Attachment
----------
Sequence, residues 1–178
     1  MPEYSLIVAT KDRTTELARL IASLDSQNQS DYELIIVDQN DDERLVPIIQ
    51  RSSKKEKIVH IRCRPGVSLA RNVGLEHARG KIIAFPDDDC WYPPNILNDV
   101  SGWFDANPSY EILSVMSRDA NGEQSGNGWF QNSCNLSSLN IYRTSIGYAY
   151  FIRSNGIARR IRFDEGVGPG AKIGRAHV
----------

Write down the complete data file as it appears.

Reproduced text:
Sequence, residues 1–178
     1  MPEYSLIVAT KDRTTELARL IASLDSQNQS DYELIIVDQN DDERLVPIIQ
    51  RSSKKEKIVH IRCRPGVSLA RNVGLEHARG KIIAFPDDDC WYPPNILNDV
   101  SGWFDANPSY EILSVMSRDA NGEQSGNGWF QNSCNLSSLN IYRTSIGYAY
   151  FIRSNGIARR IRFDEGVGPG AKIGRAHV